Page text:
Guiding brain tumor surgery with nanoprobes

(Nanowerk News) Researchers in China have developed two pH-responsive nanoprobes to guide brain-tumor surgery via the magnetic resonance (MR) and surface-enhanced resonance Raman spectroscopy (SERRS) signals activated upon their self-assembly in acidic tumor extracellular fluid.
Reporting their findings in Advanced Materials ("Guiding Brain-Tumor Surgery via Blood–Brain-Barrier-Permeable Gold Nanoprobes with Acid-Triggered MRI/SERRS Signals"), the team demonstrated that their gold nanoparticle based nanoprobes were able to enter brain tumors by crossing the blood–brain barrier (BBB).
Guiding brain-tumor surgery by acid-responsive gold nanoprobes. a) The cleavage of the PEG coating in physiological acidity triggers aggregation between Au–AZ and Au–AK via 'click' cycloaddition reactions. b) Due to the LPR1-mediated, bidirectional, BBB-traversing strategy, while the bulky AuNS aggregates are continuously trapped in tumor acidic interstitium, the intact nanoprobes in the normal brain tissue can be transported back into the blood stream, which increases the sensitivity for the brain-tumor margins. (© Wiley-VCH Verlag) (click on image to enlarge)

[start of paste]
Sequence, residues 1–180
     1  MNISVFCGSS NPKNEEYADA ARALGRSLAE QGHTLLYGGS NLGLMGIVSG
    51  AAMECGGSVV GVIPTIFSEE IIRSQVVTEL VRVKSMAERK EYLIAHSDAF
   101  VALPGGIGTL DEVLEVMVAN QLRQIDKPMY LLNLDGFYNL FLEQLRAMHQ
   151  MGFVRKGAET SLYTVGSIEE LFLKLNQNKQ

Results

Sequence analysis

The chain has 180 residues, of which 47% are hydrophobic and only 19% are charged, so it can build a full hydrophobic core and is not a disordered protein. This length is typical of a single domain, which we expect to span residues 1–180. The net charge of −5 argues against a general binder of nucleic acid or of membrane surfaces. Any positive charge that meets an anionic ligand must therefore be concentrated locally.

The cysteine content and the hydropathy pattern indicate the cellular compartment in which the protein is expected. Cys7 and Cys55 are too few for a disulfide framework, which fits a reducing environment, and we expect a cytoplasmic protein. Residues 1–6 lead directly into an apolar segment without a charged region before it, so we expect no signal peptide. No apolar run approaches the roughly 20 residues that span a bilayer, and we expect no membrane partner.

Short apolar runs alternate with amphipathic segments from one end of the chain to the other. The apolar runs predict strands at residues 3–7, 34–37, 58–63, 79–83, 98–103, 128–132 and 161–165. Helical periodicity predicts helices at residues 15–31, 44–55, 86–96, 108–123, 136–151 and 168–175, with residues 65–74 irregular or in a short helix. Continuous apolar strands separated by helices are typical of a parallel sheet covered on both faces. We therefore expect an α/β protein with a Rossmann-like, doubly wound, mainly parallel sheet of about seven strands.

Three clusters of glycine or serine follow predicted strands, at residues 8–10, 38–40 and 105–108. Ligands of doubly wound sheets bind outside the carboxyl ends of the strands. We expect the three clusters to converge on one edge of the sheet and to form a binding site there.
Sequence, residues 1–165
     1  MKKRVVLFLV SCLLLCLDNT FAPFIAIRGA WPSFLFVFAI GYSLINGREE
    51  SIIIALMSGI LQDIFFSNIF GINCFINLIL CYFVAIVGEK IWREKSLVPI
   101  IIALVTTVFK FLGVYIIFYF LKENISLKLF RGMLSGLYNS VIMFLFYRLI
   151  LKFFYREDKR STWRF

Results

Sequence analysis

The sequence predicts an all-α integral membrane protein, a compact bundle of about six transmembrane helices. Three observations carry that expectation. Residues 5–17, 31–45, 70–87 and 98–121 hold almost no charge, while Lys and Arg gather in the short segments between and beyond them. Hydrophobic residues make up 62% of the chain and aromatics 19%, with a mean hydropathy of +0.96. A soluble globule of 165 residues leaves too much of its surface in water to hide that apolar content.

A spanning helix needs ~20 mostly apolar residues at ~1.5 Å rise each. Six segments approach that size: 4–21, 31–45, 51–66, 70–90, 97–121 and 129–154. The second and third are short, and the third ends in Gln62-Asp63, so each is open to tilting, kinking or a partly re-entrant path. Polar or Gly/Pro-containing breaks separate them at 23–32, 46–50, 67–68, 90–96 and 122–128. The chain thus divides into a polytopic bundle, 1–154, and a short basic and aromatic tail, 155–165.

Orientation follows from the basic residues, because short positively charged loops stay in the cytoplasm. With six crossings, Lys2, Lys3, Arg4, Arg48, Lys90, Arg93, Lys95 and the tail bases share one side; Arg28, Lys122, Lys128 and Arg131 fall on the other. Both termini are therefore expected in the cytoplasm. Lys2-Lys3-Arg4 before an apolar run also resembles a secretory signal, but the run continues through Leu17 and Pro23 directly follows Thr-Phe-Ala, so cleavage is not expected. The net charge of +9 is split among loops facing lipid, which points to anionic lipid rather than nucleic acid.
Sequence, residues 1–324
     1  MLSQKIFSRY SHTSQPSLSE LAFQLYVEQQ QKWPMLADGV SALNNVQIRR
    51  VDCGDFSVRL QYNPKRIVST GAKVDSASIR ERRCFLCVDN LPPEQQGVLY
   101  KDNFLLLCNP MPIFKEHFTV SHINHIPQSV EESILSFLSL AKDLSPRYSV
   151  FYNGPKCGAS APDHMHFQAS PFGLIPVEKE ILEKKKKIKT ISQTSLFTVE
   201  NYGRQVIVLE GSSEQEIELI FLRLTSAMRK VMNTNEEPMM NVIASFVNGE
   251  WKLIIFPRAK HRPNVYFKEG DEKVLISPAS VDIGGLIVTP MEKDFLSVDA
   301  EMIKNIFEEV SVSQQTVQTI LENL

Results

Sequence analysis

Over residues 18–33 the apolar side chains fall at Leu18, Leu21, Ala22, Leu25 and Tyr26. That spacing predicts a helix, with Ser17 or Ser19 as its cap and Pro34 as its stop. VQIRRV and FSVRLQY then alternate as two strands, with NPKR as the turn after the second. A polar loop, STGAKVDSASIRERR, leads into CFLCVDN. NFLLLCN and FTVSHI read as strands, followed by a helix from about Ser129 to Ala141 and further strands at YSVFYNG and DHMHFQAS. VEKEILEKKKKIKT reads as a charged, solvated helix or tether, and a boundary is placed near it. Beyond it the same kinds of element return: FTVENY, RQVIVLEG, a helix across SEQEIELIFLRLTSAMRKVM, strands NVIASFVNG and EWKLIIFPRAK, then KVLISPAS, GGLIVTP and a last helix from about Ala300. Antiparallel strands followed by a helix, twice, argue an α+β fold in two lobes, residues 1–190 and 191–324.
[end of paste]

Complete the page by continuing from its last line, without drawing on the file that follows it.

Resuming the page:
The novel features of the pH-responsive nanoprobes include:
  • simultaneous activation of MR and SERRS signals for preoperative and intraoperative imaging, respectively, which helps overcome the image distortion caused by brain shifts during surgery,
  • demarcation of the tumor invasive margin with high sensitivity and durability through the retention of the nanoprobe aggregates in the tumor site and the clearance of the intact nanoprobes in normal brain tissue,
  • brain-tumor visualization regardless of their genotypes or phenotypes since extracellular acidification is a hallmark of all solid tumors, and
  • low systemic toxicity due to their minimized uptake in normal brain tissues and rapid excretion rate.
  • "As far as we are aware, this pair of nanoprobes is the first example of a system that guides brain-tumor resection by sensing acidic tumor microenvironments," the authors conclude. "They are promising candidates to improve the outcome of brain-tumor surgery and accelerate the clinical translation of AuNS-based imaging probes."
    Michael Berger By – Michael is author of three books by the Royal Society of Chemistry:
    Nano-Society: Pushing the Boundaries of Technology,
    Nanotechnology: The Future is Tiny, and
    Nanoengineering: The Skills and Tools Making Technology Invisible
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